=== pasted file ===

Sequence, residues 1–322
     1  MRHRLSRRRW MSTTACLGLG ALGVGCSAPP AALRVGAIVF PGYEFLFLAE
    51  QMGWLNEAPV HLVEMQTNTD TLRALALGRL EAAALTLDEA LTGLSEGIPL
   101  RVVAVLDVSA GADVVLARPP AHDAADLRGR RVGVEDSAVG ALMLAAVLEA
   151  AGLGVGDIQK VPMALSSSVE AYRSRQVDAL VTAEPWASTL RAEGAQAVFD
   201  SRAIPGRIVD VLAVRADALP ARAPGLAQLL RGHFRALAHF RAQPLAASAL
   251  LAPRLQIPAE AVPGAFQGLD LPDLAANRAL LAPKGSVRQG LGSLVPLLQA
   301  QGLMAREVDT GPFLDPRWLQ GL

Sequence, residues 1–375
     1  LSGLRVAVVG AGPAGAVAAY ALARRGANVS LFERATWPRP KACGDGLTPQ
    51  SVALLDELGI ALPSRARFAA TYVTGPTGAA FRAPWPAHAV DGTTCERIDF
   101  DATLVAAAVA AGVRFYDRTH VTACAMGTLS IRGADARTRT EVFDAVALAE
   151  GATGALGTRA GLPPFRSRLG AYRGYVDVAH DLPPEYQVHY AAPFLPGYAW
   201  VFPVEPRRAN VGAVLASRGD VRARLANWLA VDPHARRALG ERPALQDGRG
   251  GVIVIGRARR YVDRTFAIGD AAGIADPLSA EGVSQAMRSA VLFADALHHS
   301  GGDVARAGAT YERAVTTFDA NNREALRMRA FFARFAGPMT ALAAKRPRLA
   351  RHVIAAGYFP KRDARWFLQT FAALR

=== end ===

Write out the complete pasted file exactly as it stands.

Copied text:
Sequence, residues 1–322
     1  MRHRLSRRRW MSTTACLGLG ALGVGCSAPP AALRVGAIVF PGYEFLFLAE
    51  QMGWLNEAPV HLVEMQTNTD TLRALALGRL EAAALTLDEA LTGLSEGIPL
   101  RVVAVLDVSA GADVVLARPP AHDAADLRGR RVGVEDSAVG ALMLAAVLEA
   151  AGLGVGDIQK VPMALSSSVE AYRSRQVDAL VTAEPWASTL RAEGAQAVFD
   201  SRAIPGRIVD VLAVRADALP ARAPGLAQLL RGHFRALAHF RAQPLAASAL
   251  LAPRLQIPAE AVPGAFQGLD LPDLAANRAL LAPKGSVRQG LGSLVPLLQA
   301  QGLMAREVDT GPFLDPRWLQ GL

Sequence, residues 1–375
     1  LSGLRVAVVG AGPAGAVAAY ALARRGANVS LFERATWPRP KACGDGLTPQ
    51  SVALLDELGI ALPSRARFAA TYVTGPTGAA FRAPWPAHAV DGTTCERIDF
   101  DATLVAAAVA AGVRFYDRTH VTACAMGTLS IRGADARTRT EVFDAVALAE
   151  GATGALGTRA GLPPFRSRLG AYRGYVDVAH DLPPEYQVHY AAPFLPGYAW
   201  VFPVEPRRAN VGAVLASRGD VRARLANWLA VDPHARRALG ERPALQDGRG
   251  GVIVIGRARR YVDRTFAIGD AAGIADPLSA EGVSQAMRSA VLFADALHHS
   301  GGDVARAGAT YERAVTTFDA NNREALRMRA FFARFAGPMT ALAAKRPRLA
   351  RHVIAAGYFP KRDARWFLQT FAALR